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Reproductive Rights

Taking action against Stupak

A few days ago, I wrote about how the House of Representatives threw women under the bus in order to pass the healthcare reform bill.  All week the blogosphere has been buzzing with anger and disbelief at the fact that our elected leaders would pass such an unprecidented repeal of abortion coverage, which both prohibits the public option from offering coverage, and provides financial incentives for private insurance companies to drop the coverage they currently offer. 

Sold out in the name of healthcare reform

Yesterday, the House of Representatives passed the Healthcare Reform bill only after Democrats caved on abortion, allowing the Stupak Amendment to be added in order to move the bill along.  The Stupak Amendment prohibits any public option to offer abortion coverage, and also prevents private insurers from covering abortion by limiting federal affordability credits to plans that do not cover abortion.  For those of us who desire a truly comprehensive healthcare reform act that values women's healthcare needs, this "victory" was hard to swallow.

Women's health is not elective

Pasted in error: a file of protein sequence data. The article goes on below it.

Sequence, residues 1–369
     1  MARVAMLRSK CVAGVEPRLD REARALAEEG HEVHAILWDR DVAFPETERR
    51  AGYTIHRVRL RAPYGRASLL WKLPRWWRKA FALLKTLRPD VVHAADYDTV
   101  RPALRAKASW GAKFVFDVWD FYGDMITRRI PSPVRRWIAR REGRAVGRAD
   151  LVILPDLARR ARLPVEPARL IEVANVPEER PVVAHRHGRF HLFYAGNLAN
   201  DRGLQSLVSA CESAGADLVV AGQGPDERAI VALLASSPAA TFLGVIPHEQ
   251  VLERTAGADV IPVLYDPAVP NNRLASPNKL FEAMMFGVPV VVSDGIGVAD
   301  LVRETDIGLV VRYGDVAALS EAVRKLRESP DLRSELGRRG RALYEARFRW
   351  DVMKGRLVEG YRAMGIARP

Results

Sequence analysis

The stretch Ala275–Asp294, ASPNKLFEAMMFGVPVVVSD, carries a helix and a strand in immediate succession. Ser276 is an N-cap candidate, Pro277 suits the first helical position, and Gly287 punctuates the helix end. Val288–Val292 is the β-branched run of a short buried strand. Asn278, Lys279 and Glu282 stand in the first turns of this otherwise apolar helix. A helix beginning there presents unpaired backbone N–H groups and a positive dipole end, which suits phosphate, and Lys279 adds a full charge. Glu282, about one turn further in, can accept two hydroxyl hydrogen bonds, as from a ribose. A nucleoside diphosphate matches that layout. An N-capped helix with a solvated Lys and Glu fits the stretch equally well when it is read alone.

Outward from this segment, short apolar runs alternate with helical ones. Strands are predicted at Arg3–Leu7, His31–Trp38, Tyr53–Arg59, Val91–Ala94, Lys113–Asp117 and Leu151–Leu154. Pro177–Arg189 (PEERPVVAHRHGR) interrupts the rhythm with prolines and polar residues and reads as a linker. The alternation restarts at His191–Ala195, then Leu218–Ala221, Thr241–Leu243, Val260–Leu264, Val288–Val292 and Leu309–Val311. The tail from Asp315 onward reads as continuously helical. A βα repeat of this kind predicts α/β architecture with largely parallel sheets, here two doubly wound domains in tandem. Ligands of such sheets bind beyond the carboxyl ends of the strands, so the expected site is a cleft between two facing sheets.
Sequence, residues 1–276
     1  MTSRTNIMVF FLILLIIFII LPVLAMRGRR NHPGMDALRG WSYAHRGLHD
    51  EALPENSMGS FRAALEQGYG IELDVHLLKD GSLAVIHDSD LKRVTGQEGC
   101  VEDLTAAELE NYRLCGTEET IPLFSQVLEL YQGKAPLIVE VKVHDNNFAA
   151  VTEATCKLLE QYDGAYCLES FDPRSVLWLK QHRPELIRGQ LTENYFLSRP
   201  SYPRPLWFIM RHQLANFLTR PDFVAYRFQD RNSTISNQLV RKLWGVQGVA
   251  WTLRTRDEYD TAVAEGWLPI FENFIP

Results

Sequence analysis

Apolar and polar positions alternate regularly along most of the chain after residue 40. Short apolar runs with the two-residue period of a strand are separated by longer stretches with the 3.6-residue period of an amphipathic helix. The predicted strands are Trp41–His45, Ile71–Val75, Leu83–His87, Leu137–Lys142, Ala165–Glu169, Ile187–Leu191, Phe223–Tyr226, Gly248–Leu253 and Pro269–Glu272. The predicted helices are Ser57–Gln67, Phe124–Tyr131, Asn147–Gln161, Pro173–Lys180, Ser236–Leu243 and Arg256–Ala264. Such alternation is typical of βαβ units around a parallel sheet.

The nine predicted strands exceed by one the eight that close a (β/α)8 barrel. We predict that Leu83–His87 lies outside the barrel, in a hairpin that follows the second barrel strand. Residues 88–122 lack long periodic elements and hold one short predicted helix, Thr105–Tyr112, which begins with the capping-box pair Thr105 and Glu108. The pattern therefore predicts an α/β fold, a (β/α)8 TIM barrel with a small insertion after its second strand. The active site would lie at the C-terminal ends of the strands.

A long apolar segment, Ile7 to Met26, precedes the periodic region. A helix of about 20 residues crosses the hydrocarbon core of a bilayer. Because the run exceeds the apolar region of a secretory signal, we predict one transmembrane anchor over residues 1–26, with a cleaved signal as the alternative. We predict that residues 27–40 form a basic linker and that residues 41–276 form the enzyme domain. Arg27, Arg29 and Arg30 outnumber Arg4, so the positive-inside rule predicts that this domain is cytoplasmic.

We are in big trouble.  When I started reading about the healthcare reform battle, I was angry.  Now that the Senate panel has rejected the public option, and Obama has declined to stand up for reproductive rights, I am getting scared. The more I read, the more I started to realize that there is a larger problem underlying this debate.  There is something fundamentally wrong with the way people think about women's bodies and the healthcare they require.  While reproductive healthcare is absolutely critical to the general health of every woman, every family and every community, it is considered separately, almost as if it were elective, in the greater discussion of healthcare reform.

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How to cite this page

Jewish Women's Archive. "Reproductive Rights." (Viewed on May 27, 2018) <https://jwa.org/topics/reproductive-rights>.

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